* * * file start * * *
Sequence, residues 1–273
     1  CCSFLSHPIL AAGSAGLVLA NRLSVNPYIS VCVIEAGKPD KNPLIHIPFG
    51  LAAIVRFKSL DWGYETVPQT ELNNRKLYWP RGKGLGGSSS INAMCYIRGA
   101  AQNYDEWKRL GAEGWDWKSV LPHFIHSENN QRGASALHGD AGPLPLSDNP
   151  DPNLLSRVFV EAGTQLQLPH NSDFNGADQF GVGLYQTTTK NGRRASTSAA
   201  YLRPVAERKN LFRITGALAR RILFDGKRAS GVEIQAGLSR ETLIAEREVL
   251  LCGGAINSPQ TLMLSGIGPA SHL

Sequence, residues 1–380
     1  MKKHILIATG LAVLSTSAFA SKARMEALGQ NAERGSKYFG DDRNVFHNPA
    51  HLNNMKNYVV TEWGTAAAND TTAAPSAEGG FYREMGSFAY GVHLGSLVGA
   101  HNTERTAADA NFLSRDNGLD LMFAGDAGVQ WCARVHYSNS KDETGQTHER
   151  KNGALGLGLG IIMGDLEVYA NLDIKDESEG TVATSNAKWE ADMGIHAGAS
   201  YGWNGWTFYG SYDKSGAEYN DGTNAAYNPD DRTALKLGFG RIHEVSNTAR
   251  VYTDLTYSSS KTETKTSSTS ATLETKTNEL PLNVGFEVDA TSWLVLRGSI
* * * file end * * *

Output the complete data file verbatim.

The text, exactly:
Sequence, residues 1–273
     1  CCSFLSHPIL AAGSAGLVLA NRLSVNPYIS VCVIEAGKPD KNPLIHIPFG
    51  LAAIVRFKSL DWGYETVPQT ELNNRKLYWP RGKGLGGSSS INAMCYIRGA
   101  AQNYDEWKRL GAEGWDWKSV LPHFIHSENN QRGASALHGD AGPLPLSDNP
   151  DPNLLSRVFV EAGTQLQLPH NSDFNGADQF GVGLYQTTTK NGRRASTSAA
   201  YLRPVAERKN LFRITGALAR RILFDGKRAS GVEIQAGLSR ETLIAEREVL
   251  LCGGAINSPQ TLMLSGIGPA SHL

Sequence, residues 1–380
     1  MKKHILIATG LAVLSTSAFA SKARMEALGQ NAERGSKYFG DDRNVFHNPA
    51  HLNNMKNYVV TEWGTAAAND TTAAPSAEGG FYREMGSFAY GVHLGSLVGA
   101  HNTERTAADA NFLSRDNGLD LMFAGDAGVQ WCARVHYSNS KDETGQTHER
   151  KNGALGLGLG IIMGDLEVYA NLDIKDESEG TVATSNAKWE ADMGIHAGAS
   201  YGWNGWTFYG SYDKSGAEYN DGTNAAYNPD DRTALKLGFG RIHEVSNTAR
   251  VYTDLTYSSS KTETKTSSTS ATLETKTNEL PLNVGFEVDA TSWLVLRGSI